Shiffrin scores a victory in Levi, Vonn injured in Colorado | ParkRecord.com

Shiffrin scores a victory in Levi, Vonn injured in Colorado

Submitted by USSA

Mikaela Shiffrin (Eagle-Vail, Colorado) overcame Audi FIS Ski World Cup slalom opener nerves, skiing two clean and solid runs en route to her first World Cup victory of the 2017 season. Switzerland’s Wendy Holdener grabbed second, .67 seconds out, while Slovakia’s Petra Vlhova rounded out the podium in third, .75 seconds behind Shiffrin.

It was a beautiful, crisp day up in Lapland, with a picturesque sunrise and perfect rock-hard conditions on the race track. Starting lucky number seven, Shiffrin laid down a smoking first run, finishing .72 ahead of 2016 World Cup slalom title holder Frida Hansdotter and Switzerland's Wendy Holdener. The battle between Shiffrin and Hansdotter ended when Hansdotter straddled on the pitch second run and skied out. Shiffrin knifed the bulletproof pitch and maintained her lead all the way to the finish, earning herself another prize Lapland reindeer and a buddy for her 2013 prize reindeer Rudolph. His name? Sven.

Shiffrin channeled early race day nerves to work in her favor.

“I didn’t have many expectations. I was quite nervous this morning,” Shiffrin recalled. “I just tried to put it aside, put my head away and just ski really hard. I made a few small mistakes—a couple things that hopefully the next race I can clean up a little bit. I know these other girls aren’t going to wait around. They’re trying to beat me, so I have to keep going.”

Much like Soelden, Levi is a bit of an outlier race on the World Cup circuit—no one really knows where they are until it happens. Though Resi Stiegler (Jackson, Wyoming) typically struggles with losing time in the final split, she was able to make up some time at the bottom of her second run, skiing into a solid 16th place.

Prior to the race, Stiegler she noted that she was still working on dialing in her skiing and body for the season, but she is relieved to have the first race in the books.

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“First run I think I had some nerves,” Stiegler said. “Then second run I was like, ‘It’s time to improve. Let’s just ski better second run and not worry too much about the result today,’ and it was better. There are still some things I need to work on, but I’m happier that I improved for that run. It’s so beautiful here and it’s nice to have some winter conditions finally. Everything feels really good. The snow was excellent—it’s nice, hard snow—and a great atmosphere.”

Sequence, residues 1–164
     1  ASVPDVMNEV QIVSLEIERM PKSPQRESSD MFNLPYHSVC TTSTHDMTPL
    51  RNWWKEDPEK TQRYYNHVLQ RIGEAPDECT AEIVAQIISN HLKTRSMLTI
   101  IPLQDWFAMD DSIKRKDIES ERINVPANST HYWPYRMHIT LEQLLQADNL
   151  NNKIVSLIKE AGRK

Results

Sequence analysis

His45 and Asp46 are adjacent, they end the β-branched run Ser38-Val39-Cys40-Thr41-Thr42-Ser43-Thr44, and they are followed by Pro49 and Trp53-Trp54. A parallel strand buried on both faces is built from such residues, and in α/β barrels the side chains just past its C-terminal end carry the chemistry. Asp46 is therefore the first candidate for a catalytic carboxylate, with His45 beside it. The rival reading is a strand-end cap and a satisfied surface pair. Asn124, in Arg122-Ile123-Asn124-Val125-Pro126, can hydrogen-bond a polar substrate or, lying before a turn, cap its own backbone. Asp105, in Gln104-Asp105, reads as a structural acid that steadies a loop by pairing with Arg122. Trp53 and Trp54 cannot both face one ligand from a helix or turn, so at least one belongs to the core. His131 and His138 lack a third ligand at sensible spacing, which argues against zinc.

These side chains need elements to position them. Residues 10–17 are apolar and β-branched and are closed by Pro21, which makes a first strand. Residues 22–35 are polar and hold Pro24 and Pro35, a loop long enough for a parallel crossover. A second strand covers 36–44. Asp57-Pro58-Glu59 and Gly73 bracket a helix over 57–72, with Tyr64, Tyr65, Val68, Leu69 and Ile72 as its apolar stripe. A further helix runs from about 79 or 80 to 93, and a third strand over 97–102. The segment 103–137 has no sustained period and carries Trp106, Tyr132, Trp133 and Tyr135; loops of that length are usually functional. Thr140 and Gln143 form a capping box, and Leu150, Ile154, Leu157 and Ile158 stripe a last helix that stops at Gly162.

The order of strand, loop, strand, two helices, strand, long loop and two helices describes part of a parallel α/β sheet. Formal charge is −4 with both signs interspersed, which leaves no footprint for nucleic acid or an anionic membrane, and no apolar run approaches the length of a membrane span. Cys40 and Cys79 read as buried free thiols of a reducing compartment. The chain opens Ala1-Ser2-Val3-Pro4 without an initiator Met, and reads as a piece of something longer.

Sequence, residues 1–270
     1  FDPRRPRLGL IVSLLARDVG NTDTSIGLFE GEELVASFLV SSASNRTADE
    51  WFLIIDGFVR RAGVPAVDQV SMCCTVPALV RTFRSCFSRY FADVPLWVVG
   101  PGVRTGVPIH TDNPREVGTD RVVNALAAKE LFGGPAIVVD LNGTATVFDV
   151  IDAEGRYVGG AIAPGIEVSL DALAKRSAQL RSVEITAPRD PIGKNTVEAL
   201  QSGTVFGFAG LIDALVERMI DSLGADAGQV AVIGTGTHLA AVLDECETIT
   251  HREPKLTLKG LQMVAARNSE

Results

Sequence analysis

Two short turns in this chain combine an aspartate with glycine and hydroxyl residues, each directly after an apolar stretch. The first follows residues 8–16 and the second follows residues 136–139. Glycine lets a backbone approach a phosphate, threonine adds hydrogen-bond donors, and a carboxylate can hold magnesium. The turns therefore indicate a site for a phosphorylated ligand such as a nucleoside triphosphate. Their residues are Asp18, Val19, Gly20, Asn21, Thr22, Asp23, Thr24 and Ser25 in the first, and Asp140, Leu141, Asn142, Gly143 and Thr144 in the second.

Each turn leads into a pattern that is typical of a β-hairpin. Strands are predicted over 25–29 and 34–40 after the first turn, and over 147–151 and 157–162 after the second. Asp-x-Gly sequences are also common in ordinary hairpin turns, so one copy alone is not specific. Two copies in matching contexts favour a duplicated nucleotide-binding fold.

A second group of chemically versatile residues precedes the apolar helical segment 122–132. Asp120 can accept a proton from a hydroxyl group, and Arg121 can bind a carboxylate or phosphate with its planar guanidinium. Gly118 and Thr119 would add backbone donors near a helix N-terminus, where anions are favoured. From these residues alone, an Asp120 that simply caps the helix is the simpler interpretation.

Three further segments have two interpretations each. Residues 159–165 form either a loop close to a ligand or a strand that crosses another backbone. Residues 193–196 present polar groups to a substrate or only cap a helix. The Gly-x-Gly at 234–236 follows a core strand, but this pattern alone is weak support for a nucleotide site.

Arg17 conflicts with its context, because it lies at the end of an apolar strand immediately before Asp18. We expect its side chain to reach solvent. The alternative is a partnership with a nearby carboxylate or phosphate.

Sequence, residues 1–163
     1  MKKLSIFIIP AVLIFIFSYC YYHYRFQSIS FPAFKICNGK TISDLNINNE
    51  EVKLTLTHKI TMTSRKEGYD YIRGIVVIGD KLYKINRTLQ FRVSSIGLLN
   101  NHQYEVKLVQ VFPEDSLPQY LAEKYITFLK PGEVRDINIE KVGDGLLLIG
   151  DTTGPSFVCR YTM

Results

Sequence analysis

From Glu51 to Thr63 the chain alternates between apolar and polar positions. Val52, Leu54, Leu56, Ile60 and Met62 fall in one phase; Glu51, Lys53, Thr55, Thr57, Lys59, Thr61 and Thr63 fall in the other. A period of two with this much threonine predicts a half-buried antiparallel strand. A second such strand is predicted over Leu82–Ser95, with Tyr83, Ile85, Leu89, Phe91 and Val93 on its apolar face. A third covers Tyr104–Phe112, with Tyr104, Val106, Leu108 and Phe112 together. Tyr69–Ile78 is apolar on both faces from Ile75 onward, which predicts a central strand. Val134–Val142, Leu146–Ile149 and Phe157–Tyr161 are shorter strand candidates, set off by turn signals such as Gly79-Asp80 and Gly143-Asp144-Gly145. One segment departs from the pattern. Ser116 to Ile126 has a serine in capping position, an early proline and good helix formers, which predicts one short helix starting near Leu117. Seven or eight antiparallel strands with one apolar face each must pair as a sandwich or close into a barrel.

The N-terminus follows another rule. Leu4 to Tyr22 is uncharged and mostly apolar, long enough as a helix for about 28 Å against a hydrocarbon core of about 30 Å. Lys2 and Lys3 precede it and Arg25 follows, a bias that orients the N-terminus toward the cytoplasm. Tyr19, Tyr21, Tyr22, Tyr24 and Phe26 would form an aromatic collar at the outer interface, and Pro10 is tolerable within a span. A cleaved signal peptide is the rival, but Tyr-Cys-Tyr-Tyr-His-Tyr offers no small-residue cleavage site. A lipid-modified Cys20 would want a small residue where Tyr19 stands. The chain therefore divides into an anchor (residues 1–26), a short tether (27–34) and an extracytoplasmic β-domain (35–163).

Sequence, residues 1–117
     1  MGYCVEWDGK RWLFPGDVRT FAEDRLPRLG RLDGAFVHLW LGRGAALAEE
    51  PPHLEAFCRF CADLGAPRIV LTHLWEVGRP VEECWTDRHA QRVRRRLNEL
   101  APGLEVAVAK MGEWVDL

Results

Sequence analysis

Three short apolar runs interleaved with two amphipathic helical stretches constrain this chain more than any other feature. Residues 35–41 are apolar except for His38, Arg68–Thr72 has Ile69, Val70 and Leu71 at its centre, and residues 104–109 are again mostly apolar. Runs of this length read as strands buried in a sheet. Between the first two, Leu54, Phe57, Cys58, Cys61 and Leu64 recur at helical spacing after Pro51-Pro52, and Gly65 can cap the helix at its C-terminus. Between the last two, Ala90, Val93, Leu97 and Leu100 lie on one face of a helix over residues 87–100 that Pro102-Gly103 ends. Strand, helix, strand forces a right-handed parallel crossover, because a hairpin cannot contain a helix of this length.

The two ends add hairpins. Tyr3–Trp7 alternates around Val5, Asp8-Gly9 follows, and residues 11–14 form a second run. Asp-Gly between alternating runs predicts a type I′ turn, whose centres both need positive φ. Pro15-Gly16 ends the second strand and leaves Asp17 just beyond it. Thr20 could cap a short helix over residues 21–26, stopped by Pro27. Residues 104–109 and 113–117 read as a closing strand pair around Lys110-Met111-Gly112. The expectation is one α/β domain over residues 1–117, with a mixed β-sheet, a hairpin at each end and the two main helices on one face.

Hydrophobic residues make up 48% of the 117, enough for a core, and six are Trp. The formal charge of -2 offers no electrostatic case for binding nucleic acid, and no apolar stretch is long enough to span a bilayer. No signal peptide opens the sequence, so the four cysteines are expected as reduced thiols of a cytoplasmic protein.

The final American starting in Saturday's slalom and a relative newcomer to the World Cup circuit, Lila Lapanja (Incline Village, Nevada), had solid top splits that would have had her well into qualification for a second run but struggled moving forward coming on to the pitch, causing her to get low and behind. She'll walk away knowing that she has the speed to hang with the top 15.

The women will head to Colorado for a training block before traveling to the highly anticipated Killington World Cup on Nov. 26 for a giant slalom, followed by a slalom on Nov. 27. It is Killington's first time hosting a World Cup and the first time the east coast has hosted a World Cup since 1991.

Vonn injured in Colorado

Olympic champion Lindsey Vonn (Vail, Colorado) announced today that she suffered a fracture to her upper right arm. She underwent surgery in Vail Thursday night (Nov. 10) after suffering the injury in a training crash earlier in the day at the U.S. Ski Team Speed Center at Copper Mountain, Colorado. There was no immediate determination as to how long she would be out of action. The Audi FIS Ski World Cup downhill season opens later this month at Lake Louise, AB.

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